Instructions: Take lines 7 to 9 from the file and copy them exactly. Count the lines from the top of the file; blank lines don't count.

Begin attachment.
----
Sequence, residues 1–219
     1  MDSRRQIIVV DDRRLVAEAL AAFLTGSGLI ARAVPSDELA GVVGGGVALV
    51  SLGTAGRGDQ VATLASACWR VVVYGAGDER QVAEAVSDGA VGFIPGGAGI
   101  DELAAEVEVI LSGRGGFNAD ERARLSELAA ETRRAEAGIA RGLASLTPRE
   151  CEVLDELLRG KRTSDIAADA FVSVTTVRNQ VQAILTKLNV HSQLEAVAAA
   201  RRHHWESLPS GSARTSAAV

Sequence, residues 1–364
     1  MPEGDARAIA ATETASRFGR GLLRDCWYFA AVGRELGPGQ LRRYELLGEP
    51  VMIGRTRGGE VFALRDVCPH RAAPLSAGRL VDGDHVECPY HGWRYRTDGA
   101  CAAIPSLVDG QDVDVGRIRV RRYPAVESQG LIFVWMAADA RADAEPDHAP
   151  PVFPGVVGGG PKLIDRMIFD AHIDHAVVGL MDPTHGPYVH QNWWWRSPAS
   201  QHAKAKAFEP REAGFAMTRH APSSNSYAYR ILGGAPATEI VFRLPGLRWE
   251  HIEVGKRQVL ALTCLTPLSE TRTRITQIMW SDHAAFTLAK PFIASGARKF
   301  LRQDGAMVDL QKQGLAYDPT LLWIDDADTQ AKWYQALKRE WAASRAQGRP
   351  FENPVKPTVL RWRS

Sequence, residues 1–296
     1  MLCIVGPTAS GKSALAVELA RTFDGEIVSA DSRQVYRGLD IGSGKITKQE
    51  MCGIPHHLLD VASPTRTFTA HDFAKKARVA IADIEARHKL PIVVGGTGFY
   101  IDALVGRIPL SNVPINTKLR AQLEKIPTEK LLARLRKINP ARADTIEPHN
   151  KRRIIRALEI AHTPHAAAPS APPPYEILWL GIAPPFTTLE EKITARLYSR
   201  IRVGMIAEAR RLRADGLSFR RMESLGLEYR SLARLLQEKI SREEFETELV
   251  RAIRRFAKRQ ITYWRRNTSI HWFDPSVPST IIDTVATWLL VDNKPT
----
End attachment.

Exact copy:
Sequence, residues 1–364
     1  MPEGDARAIA ATETASRFGR GLLRDCWYFA AVGRELGPGQ LRRYELLGEP
    51  VMIGRTRGGE VFALRDVCPH RAAPLSAGRL VDGDHVECPY HGWRYRTDGA